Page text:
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Film Preview: Miami at FIU*, 11/23

The Panthers will host the ‘Canes at Marlins Park in Downtown Miami

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Florida International v Florida Atlantic Photo by Mark Brown/Getty Images

After Week 11 wrapped up, I’m not so sure if any of the ‘Canes fanbase that was crying for Butch Davis as the head coach still wanted him. In the Shula Bowl, Florida Atlantic pounded Davis’ FIU squad 37-7 and left the Panthers ranked 100th per the SP+. FIU’s offense is 102nd, the defense 78th and the kicking game is 86th per Bill Connelly’s metric.

Miami, on the other hand, was ranked 27th with the 61st rated offense, 16th ranked defense, and an improving kicking game that’s crawled up to 79th per the SP+. Miami is currently 6-4 as both teams are coming off of a bye week.

Florida International quarterback James Morgan has been efficient averaging only 7.3 yards per pass attempt but he’s thrown 10 touchdowns with only two interceptions. His favorite targets aren’t exactly game breaking deep threats. Hurricane legacy Tony Gaiter IV averages only 12.3 yards per catch but wide receiver Shemar Thornton has four touchdowns through the air. On the ground Anthony Jones and Napoleon Maxwell share duty in the backfield. They’ve combined for over 1,100 yards and have averaged 4.8 and 5.4 yards per carry with 14 touchdowns.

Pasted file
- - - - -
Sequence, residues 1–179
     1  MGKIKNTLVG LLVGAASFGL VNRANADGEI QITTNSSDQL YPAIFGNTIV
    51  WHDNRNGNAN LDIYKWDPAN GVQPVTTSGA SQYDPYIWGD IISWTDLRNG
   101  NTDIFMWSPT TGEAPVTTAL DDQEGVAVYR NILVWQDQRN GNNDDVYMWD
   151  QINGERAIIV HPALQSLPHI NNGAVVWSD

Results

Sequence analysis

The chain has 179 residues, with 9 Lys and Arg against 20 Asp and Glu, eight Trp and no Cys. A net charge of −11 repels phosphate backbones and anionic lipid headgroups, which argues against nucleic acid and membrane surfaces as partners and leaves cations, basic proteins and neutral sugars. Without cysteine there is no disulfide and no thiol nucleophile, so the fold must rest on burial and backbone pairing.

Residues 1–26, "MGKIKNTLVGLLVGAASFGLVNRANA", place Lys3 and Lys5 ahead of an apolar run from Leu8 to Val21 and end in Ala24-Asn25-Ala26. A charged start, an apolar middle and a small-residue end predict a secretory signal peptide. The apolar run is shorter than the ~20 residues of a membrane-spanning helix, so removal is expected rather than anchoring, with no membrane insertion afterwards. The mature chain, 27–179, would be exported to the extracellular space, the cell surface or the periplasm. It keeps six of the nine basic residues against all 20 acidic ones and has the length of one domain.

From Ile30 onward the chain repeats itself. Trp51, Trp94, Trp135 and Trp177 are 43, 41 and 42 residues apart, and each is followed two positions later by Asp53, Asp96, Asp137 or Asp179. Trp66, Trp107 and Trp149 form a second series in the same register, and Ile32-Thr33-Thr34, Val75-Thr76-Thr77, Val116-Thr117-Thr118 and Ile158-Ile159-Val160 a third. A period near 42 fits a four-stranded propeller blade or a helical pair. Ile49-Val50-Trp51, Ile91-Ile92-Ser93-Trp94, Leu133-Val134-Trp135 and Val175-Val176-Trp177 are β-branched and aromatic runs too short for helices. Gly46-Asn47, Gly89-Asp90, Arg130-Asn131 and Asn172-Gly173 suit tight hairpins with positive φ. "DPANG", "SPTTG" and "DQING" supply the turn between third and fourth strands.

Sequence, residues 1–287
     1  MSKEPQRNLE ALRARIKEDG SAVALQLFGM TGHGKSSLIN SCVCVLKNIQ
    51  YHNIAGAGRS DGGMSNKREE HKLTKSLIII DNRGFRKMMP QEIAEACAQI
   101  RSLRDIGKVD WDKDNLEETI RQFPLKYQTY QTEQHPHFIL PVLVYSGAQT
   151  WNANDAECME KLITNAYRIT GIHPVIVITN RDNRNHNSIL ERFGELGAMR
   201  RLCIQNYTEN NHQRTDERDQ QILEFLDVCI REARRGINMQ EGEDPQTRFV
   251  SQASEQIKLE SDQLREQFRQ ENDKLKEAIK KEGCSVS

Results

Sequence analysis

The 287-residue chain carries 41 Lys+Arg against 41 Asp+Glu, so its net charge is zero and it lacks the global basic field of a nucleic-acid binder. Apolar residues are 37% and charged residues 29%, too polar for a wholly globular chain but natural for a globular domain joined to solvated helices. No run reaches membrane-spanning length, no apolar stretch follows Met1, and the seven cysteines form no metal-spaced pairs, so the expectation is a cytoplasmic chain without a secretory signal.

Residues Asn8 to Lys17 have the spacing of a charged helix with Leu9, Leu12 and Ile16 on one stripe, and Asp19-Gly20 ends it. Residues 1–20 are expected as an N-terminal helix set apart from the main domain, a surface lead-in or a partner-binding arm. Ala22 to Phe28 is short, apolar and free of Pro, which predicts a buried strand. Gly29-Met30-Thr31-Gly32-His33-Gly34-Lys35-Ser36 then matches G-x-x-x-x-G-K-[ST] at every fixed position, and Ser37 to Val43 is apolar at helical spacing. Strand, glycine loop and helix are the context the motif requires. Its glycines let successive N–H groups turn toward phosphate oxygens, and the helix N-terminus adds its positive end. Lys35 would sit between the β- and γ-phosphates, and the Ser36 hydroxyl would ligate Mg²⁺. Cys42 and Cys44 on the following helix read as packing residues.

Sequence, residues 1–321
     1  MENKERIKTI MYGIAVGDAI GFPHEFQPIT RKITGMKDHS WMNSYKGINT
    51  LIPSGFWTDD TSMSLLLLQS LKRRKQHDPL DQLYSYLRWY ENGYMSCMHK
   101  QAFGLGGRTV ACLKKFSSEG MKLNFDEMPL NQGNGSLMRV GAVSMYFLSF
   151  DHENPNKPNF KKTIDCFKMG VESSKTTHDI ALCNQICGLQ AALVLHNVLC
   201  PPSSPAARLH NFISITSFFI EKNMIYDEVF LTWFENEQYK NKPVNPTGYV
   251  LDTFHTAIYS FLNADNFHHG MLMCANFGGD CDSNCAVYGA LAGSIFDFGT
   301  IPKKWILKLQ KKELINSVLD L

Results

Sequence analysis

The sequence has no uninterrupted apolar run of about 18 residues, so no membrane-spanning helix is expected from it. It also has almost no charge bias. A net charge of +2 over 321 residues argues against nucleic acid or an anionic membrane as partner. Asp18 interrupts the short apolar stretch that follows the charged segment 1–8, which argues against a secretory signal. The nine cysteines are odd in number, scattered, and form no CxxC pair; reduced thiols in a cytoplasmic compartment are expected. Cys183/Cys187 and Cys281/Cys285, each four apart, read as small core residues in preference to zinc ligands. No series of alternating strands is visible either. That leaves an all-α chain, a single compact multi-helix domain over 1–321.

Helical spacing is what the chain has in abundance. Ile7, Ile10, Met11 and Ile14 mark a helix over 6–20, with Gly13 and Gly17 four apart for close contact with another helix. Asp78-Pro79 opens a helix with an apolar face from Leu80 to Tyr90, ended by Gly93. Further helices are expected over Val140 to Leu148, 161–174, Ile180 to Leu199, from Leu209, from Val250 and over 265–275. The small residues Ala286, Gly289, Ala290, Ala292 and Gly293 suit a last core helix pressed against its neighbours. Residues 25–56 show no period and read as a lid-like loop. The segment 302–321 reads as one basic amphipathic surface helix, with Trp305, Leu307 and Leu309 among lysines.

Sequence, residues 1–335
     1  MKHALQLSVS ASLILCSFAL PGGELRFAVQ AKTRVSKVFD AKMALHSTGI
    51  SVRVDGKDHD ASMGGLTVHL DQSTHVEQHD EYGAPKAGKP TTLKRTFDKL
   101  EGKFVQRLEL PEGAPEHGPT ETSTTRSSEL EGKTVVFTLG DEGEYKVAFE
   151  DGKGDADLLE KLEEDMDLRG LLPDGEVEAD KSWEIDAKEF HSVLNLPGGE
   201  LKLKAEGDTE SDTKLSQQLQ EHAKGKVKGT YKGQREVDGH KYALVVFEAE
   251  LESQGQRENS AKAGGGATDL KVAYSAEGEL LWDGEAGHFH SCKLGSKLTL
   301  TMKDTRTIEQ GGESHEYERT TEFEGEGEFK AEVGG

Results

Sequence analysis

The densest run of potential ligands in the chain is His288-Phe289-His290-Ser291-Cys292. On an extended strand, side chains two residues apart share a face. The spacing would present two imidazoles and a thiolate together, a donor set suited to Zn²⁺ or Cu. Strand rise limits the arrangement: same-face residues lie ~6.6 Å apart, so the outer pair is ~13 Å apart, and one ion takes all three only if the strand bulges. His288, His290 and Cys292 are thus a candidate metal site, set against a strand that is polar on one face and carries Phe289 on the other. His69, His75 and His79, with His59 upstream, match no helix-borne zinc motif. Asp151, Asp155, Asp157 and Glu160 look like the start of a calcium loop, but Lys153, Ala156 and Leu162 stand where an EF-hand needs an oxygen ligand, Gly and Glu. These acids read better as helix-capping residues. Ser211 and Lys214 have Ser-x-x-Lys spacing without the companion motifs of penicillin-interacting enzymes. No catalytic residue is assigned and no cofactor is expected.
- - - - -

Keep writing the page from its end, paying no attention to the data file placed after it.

On defense, the entire Panthers squad has as many sacks as Miami defensive end Greg Rousseau (12). Linebacker Jamal Gates leads FIU with 66 tackles, and defensive lineman Teair Tart leads the Panthers with 8.5 tackles for loss.